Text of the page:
So far we have only looked at methods inside of objects. But most objects have variables inside them, too, called “fields” (or sometimes “instance variables”).
This program will illustrate accessing fields in an object.
Type up this code and save it in its own file, named as indicated.
Then type up this one and save it in the same folder as the first file.
Remember that you only need to compile the one file containing the main() method, though it is a good idea to test compiling each file as you finish it to make sure it’s correct before moving on.
So the class
TVActor contains two instance variables, and they are both
Strings. The first variable is called name and the second is called role.
They are called “instance” variables because each instance (copy) of the object gets its own copies of the variables.
That is, just after line 11 is over, there are three instances of the TVActor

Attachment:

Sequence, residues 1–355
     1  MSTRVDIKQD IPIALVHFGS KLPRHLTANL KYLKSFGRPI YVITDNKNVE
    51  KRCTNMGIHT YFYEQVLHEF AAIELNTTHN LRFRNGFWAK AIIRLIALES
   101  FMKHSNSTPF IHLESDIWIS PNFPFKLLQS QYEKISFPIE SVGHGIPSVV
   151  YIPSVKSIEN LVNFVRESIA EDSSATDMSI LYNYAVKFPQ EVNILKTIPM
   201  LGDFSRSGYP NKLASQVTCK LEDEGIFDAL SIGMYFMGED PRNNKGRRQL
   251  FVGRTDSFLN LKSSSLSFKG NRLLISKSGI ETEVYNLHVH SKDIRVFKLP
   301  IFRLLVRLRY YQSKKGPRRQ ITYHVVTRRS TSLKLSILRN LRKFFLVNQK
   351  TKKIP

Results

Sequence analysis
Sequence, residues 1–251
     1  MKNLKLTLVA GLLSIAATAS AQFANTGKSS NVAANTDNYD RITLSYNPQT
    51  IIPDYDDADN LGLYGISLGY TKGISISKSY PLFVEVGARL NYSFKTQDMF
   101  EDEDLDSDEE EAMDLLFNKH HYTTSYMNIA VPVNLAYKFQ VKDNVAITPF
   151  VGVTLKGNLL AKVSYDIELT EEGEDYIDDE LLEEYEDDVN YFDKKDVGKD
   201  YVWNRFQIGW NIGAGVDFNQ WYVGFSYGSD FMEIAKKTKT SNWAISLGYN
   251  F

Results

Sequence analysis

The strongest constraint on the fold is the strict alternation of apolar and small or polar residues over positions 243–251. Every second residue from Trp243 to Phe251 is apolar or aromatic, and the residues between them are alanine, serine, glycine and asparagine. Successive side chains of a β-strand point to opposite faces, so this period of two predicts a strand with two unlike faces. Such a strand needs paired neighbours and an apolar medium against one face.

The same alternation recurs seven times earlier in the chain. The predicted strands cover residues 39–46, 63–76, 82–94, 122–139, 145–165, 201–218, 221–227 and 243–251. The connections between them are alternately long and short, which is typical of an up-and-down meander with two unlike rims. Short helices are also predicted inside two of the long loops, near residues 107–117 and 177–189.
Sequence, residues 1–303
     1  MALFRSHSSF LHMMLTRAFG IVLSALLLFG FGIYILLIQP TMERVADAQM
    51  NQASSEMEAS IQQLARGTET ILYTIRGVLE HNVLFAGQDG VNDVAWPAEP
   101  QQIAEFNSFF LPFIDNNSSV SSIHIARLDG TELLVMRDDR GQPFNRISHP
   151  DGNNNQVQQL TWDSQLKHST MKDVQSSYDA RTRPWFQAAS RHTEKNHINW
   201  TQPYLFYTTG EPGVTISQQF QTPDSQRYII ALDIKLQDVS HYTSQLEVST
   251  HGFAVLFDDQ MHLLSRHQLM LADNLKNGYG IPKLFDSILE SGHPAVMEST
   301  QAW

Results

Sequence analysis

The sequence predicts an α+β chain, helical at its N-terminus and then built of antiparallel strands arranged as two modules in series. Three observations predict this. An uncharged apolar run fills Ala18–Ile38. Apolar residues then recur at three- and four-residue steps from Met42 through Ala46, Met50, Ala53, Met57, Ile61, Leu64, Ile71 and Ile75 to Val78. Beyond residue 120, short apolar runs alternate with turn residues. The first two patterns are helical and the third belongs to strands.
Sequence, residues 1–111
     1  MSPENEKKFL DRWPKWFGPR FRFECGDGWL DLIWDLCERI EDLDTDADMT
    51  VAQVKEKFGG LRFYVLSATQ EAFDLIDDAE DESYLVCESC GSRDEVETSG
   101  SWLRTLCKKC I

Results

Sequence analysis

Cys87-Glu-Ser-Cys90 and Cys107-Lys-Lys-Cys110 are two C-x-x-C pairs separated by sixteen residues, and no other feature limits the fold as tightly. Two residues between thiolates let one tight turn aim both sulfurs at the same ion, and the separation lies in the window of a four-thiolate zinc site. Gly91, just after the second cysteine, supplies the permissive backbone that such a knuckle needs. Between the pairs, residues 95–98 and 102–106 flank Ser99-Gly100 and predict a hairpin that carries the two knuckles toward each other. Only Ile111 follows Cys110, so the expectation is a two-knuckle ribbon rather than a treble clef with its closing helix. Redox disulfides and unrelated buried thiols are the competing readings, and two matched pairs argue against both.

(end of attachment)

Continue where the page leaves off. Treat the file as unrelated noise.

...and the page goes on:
public class TVActor makes a pattern or recipe or blueprint
of sorts, and then line 3 actually sews together the clothing or cooks the
recipe or builds the structure when it instantiates the object.
And so the instance named a has a copy of the name variable and a copy of the role variable. We can put values into a’s copies of these variables as shown on lines 4 and 5, though we’ll see later in the book that this is considered bad style.
Line 7 creates a second instance of the class, with its own copies of the instance variables.
And line 11 creates a third instance of the class, which also has its own
copies of the variables. So by line 14, there are at least nine objects floating
around in memory: three
TVActor objects and six
String objects (two per
“Learn Object-Oriented Java the Hard Way” is ©2015–2016 Graham Mitchell